Skip to main content

Microsoft: 1 Out of 14 Downloads is Malware

Tuesday Microsoft said that IE8 and IE9 actually block between 2 and 5 million attacks each day thanks to the built-in URL-based SmartScreen filter. Even more, 1.5 billion attempted malware attacks have been thwarted since the launch of SmartScreen in the older IE8 browser.

But clearly that's not enough, and in IE9, Microsoft has now added another layer of defense against socially engineered attacks that looks at the application poised to be downloaded by the user. Called Application Reputation, the extra line of defense will be an addition to the current URL-based SmartScreen protection. Essentially the browser will check out the web site's URL first, and then determine if the desired file has been downloaded by other users, and if it has any record of carrying suspicious baggage.

"Using reputation helps protect users from newly released malware programs - pretending to be legitimate software programs - that are not yet detected by existing defense mechanisms," said Jeb Haber, Program Manager Lead, SmartScreen. "Reputation also enables IE9 to remove unnecessary warnings for downloads with an established positive reputation. Both publishers and individual applications build reputation. For example, a digitally signed application from a well-known publisher that has been widely downloaded has a better reputation than an unsigned application that has not yet been downloaded widely and has just been posted on a newly created Web site."

"From our experience operating these services at scale, we have found that 1 out of every 14 programs downloaded is later confirmed as malware," Haber added although that figure only applies to Internet Explorer.

The new Application Reputation process seems to be working. Haber said that Application Reputation warned IE9 users of a malicious program central to a very large-scale malware attack the very moment it hit the Internet (at Hour 0). Traditional URL-blocking and anti-virus protection updates didn't kick in until Hour 11, yet thanks to the new Application Reputation warning, 99-percent of IE 9 users chose to delete or not run the program beforehand.

"In this attack, IE9 Application Reputation interrupted the deception of the attack (which was otherwise very convincing) and most users were able to make a great decision on their own," Haber said. "This outcome is exactly why we built SmartScreen Application Reputation into IE9. 99-percent of users were able to avoid the infection."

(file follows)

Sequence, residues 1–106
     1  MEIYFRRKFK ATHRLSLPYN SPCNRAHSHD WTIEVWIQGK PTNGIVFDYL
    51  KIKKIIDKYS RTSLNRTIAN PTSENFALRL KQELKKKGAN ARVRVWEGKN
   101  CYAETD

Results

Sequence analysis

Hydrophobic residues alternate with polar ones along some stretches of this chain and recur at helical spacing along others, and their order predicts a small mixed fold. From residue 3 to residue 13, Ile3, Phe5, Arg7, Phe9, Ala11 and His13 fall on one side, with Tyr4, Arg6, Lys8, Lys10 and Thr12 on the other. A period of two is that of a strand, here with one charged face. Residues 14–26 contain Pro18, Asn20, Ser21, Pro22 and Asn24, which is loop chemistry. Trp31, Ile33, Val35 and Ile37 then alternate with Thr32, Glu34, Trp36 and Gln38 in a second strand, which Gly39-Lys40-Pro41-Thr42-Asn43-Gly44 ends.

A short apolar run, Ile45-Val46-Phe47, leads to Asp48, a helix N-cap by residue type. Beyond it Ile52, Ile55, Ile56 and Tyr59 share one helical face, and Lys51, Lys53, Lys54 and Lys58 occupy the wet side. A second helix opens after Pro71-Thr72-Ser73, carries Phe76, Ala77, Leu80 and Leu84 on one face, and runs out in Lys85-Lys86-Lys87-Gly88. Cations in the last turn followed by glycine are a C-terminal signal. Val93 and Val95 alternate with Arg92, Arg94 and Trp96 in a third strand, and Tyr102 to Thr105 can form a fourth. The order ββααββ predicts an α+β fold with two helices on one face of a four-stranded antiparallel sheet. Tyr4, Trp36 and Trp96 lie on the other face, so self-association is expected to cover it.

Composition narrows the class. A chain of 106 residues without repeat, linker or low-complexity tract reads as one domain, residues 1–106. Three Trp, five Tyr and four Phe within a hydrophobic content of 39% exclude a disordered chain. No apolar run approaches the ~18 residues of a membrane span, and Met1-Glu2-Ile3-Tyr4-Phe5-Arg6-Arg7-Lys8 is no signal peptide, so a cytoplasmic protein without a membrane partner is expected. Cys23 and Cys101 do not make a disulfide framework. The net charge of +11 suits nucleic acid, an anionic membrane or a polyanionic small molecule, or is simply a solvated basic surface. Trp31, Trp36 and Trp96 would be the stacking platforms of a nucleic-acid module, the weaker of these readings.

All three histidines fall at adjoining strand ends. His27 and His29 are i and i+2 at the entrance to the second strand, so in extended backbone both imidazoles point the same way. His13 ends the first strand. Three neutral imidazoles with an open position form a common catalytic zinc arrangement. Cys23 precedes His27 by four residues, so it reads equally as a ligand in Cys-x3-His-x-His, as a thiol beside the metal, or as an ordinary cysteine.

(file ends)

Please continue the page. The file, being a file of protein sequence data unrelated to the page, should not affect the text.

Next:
• tychoblu
    Just fixed a computer that took me three weeks to rid of viruses. Then got a complaint that 2000 of the teenager's itune songs were missing. Didn't get a thanks for the 700 I saved.
  • NapoleonDK
    1 percent of IE9 users involved in the study clicked OK to download the suspicious file...just to spite the annoying Application Reputation filter! XD
  • NapoleonDK
    tychobluJust fixed a computer that took me three weeks to rid of viruses.Weeks? D: Explain me that! O.O
  • or as i like to see it 13 out of 14 folks are plain stupid......
  • Gamer-girl
    I use a chrome addon called WOT pretty much does the same thing plus more

    it really useful for the not so technically inclined and the click happy friends and family lol
  • tychobluJust fixed a computer that took me three weeks to rid of viruses. Then got a complaint that 2000 of the teenager's itune songs were missing. Didn't get a thanks for the 700 I saved.
    WOW, simple one there, remove HDD scan from stand alone Virus removal machine ( Fully Updated Windows 7 install within VM with all the bells and whistles for nasty Removals)

    Once files clean Replace HDD or back up User files, and Re-Install Windows, 1 day max!
  • mister g
    Dang, it took Microsoft this long to add such a system? The Norton security software provided by Comcast had this since last year!
  • legacy7955
    Wow it is actually a PLEASURE to read comments here on Tom's. It seems like there still are a remnant of people in the world that have intelligence, a sense of responsibility, and common sense too. It gives me some renewed faith that humanity is not completely doomed.

    I agree that 99% of preventing malware and virus infections is using your COMMON SENSE when browsing and down loading files from the net.

    Sure it isn't kewl to say it today, but LEARNING and EDUCATION is GOOD.
  • zkevwlu
    1 out of 14 people is a moron who thinks videos and music might come in the form of an .exe file and clicks on that flashy button that says "Download Free Paris Hitlon Sex Tape Now!!".

    People like that deserves to have their computers wrecked. I wish companies would stop implementing security features that enables ignorance and stupidity. Without that safety net maybe people will finally start to think twice before wandering onto the Internet like headless chickens.
  • damianrobertjones
    14 out of 14 people STILL RUN AS ADMIN!

    Come on guys and gals, when fixing these machines, give them back the shiny thing with two accounts, one called security (with password) and one account called 'family' (etc, with password). Security account is full admin and Family is a standard user. They will still infect themselves but at LEAST it's another easy to setup, obvious option.

    You run as admin, so does anything else you click on. "Warning, your pc is infected, click yes to trash your pc, even though you've heard about it, read about it, seen it, still click yes"